Whatever the case, Kirkman definitely missed his chance for a graceful exit, and while I’m not exactly hate reading these yet, it’s definitely hard to recommend them as any good. They’re, you know, fine? I’m just not sure I care that much anymore, and that’s sad when you consider how good it used to be.

Last minute new theory that I should test with future books: maybe I get bored with post-apocalypse once it doesn’t feel like an apocalypse anymore. There’s just a substantial difference between people on the run from undead and human menaces at every turn, and people who are plotting a war with a large-scale enemy while also holding a giant weekend trade days flea market.

Hack/Slash: Dark Sides

71Fg3NXPbBLAmong many reasons for my quest to stop being behind on ongoing series is how much I hate unavoidable incidental spoilers. Example: since I have purchased ahead on volumes of Hack/Slash (habit from when the Amazon gold box used to offer random small discounts on things I was likely to buy anyway), I know that the series is drawing to a close.[1] This presents certain problems with my ability to justly detect foreshadowing.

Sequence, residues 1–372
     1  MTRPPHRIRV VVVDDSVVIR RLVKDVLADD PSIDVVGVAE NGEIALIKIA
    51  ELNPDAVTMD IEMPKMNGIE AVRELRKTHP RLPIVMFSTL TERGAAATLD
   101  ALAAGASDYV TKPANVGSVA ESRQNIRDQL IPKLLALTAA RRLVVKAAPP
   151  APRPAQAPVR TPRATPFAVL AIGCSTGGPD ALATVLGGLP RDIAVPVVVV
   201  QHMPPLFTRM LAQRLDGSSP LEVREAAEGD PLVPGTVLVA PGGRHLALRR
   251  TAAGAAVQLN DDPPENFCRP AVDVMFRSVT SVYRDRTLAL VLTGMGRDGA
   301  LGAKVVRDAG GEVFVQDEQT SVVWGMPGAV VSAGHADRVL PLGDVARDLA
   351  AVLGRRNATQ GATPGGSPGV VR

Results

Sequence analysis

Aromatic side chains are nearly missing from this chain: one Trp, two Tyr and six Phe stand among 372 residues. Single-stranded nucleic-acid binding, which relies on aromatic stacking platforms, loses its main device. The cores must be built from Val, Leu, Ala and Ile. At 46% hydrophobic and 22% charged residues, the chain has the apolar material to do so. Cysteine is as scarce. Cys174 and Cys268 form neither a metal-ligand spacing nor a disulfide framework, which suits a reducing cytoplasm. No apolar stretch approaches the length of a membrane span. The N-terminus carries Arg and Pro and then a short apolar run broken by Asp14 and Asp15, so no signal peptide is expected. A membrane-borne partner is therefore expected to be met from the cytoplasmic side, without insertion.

I like to think, for example, that if I had seen the destruction of Cassie Hack[2]’s ubiquitous nail-studded baseball bat with “Kiss It” burned into the shaft at the hands of a maniac wielding a flaming sword, I would have maybe speculated that it was a sign that the odds eventually run out. But then again, I wouldn’t have, because Dark Sides was an anthology edition with multiple stories authored by people other than series creator Tim Seeley, so really I would have just expected to see it back in action next book as an at most side-mentioned replacement, more likely as an ignored continuity glitch.

But, you know, none of the stories were too bad and all of them advanced the main plot that has been building over the last two or three books (Vlad’s history and Cassie’s, er, complicated relationship with the harder-than-usual to kill Samhain, I explain as though anyone actually cares), so I can’t complain. Well, I can complain about yet another crossover with a differently-skinned cheesecake vs. monsters comic, because those never entertain me much or convince me to check out whatever comic is being crossed over with, and are instead just a huge waste of my time. But that was only one issue out of five, so.

[1] Well, sort of. Apparently it’s also starting back up again? But that’s more or less beside the point.
[2] I point this out in basically every review, but: you remember her? Gothy pin-up girl who wanders the country with her partner Vlad killing supernatural bad guys, like a parallel comics version of the Winchesters if Dean were hypersexualized and Sam stood around looming over people.[3]
[3] Ah, Supernatural jokes that maybe two people reading this will appreciate. I kill me!